In the early 1990s the community on the small island of Eigg was in revolt. Their dysfunctional landlord who had owned the estate for almost twenty years had made their lives a misery. Situated south of Skye, Eigg has a land area of just twelve square miles. The islanders (known as Eiggachs) decided on the radical move of setting up a Trust in 1991, to fund buying the island from their landlord. They called a well-publicised and well-attended (including by their landlord) press conference in an Edinburgh hotel to get some attention, and to invite people to support the Isle of Eigg Trust.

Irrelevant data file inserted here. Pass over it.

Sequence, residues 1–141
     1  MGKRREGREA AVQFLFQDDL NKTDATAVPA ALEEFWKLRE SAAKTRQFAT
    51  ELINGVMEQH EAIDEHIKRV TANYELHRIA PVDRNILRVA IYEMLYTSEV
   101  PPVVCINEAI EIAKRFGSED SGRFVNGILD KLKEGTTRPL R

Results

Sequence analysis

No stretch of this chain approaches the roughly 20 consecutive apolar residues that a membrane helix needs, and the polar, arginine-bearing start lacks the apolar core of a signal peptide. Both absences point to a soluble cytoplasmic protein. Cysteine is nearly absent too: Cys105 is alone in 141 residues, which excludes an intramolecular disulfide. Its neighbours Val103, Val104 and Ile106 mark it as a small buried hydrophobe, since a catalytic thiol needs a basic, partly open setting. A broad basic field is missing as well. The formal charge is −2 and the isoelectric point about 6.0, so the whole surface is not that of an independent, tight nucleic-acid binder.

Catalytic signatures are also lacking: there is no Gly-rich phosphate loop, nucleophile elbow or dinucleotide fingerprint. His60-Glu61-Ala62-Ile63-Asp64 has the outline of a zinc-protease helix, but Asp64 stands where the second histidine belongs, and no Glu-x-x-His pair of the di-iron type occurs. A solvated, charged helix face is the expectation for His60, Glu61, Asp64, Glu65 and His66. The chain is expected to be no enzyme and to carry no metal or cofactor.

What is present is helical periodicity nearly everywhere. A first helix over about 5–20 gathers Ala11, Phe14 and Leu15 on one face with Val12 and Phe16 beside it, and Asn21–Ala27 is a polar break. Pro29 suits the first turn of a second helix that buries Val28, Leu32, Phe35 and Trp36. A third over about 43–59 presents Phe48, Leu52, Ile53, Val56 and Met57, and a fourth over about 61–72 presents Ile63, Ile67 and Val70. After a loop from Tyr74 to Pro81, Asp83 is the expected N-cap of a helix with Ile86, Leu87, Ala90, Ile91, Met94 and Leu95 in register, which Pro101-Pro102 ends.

Also at the event were the worried Assynt crofters. They immediately set up their own fund to buy their land, and in less than a year, had raised the asking price (£300.000). Half came from supporters in the UK and the Scottish diaspora who retain strong links with Scotland, and the remainder from a grant loan from Highland Council. They bought their land in February 1993 to great excitement and rejoicing. A photograph of the late Allan MacRae, the chief mover in the campaign, shows him standing on top of a large rock with the majestic mountain of Suilven in the background. His arms are held high in victory, holding a bottle (probably whisky) in one hand and the other punching the air with a defiant clenched fist. They had become the first crofters in the Highlands to buy back their land.